Stats From The State of Downtown Raleigh 2017, Developments

Released in April, I’ve finally gotten around to diving into the 2017 State of Downtown Raleigh report for the latest figures and fancy graphs of downtown activity. I’ll spread these out over the next few weeks and share what I think are some of the more interesting and thought-provoking stats.

I’ll start things off with the development list. This includes all under construction, recently completed, and planned developments. Development fans should keep this one close by for reference.

Of course, you can jump into the whole report here.

2017 State of Downtown Raleigh

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  1. Boylan Flats is actually under construction now if one considers site work to be inclusive of that category. At the corner of Peace and Boylan, a developer plans a boutique hotel if he can get it rezoned. They’ve already had their first meeting with the neighborhood to discuss it.

  2. What an impressive list! Can’t help but feel just a bit bad about the Metropolitan Apartments still being listed as “under construction” … don’t expect that project to be completed anytime soon.

    Yesterday I noticed what appears to be a fairly new “For Sale” sign at old Trailways Bus Depot site (1201 S. Blount St). Nice to see that being actively marketed. Anyone have any info? Couldn’t find the listing on-line and didn’t think to copy down listing from sign.

  3. What about 301 Hillsborough? I didn’t see this on your list. Its expected to cost $160 million.

  4. Dan, 301 Hillsborough is called City Centre by the developer and is listed in the Capital District group.

  5. If I added correctly, just the announced numbers alone represent nearly 1.25 B dollars.

  6. NewRaleigh reports that The Remedy Diner (137 E Hargett St) is moving to 927 W Morgan St, formerly P.G. Werth’s (next to Irregardless Cafe) – given that Remedy sits in a short old building next to a corner parking lot, I’m thinking potential new development?

  7. @Eric. Yes, the SE corner on the north side of The Paramount condo. From what I understand there are currently 2 hurdles. 1.) rezoning and increasing the floor count to 5 from 3 and 2.) the big evergreen tree that sits on city property near the corner and is maintained by the city botanist. I am less sure about the second hurdle given what I have heard.

  8. @Jake I wouldn’t be surprised. That building, the one its attached to that looks pretty much empty, and that corner parking lot would be pretty good size spot for a new tower hopefully! Any idea what its zoned for? 20floors?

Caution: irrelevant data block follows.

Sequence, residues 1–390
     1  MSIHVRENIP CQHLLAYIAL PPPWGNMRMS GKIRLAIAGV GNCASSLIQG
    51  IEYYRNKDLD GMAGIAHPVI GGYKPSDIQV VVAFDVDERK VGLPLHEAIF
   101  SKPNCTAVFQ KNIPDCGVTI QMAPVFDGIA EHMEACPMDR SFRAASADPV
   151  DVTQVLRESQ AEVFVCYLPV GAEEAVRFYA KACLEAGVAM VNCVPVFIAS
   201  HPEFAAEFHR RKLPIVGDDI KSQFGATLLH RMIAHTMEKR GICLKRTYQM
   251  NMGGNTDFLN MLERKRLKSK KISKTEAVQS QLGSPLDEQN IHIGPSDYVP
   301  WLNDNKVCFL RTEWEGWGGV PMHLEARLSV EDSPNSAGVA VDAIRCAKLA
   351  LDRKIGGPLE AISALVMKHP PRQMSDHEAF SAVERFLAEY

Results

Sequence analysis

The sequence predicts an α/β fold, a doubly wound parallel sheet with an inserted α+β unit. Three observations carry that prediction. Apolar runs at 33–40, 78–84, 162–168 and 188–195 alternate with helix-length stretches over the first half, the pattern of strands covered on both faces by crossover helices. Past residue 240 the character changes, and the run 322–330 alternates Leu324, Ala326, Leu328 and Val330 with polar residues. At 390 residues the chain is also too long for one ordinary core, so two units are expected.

9. Yes. It’s DX-7, as are all of the immediately adjacent properties. The building Remedy is in is dated 1926. While it’s nothing particularly significant in its detail, it may or may not have historic designation. Frankly, I don’t want to lose these buildings for a 7 story replacement.

  10. A tower on the Remedy Diner corner would fill in the skyline between Wells Fargo and PNC when viewed from the money shot..

  11. how bout you armchair developers focus your imaginary tower on just the parking lot and leave the 1926 building alone? smaller footprint, so go twice as tall – everybody happy. just because a ground floor tenant moves doesn’t mean the building is getting knocked down. (also, bldg next door is 1948 and probably has historic looking features hidden under the stucco)

  12. Agreed. I would love for the Remedy building to remain, also agree it would be shame to knock it down for 7 stories. However, a 7 story structure on that parking lot would be a nice addition. I think it’s about 4,500 feet? Obviously I’d be ok with something taller, but I wouldn’t complain about a small parking lot getting replaced with a smallish apartment building.

  13. TBJ reporting sale of lot at corner of Hargett and East to developers for 5.9M! @William, you have impeccable timing asking about this very plot only yesterday. This purchase includes Wintershaven apartments (section 8 housing) along with Winter Square due east of the Lincoln Apartments.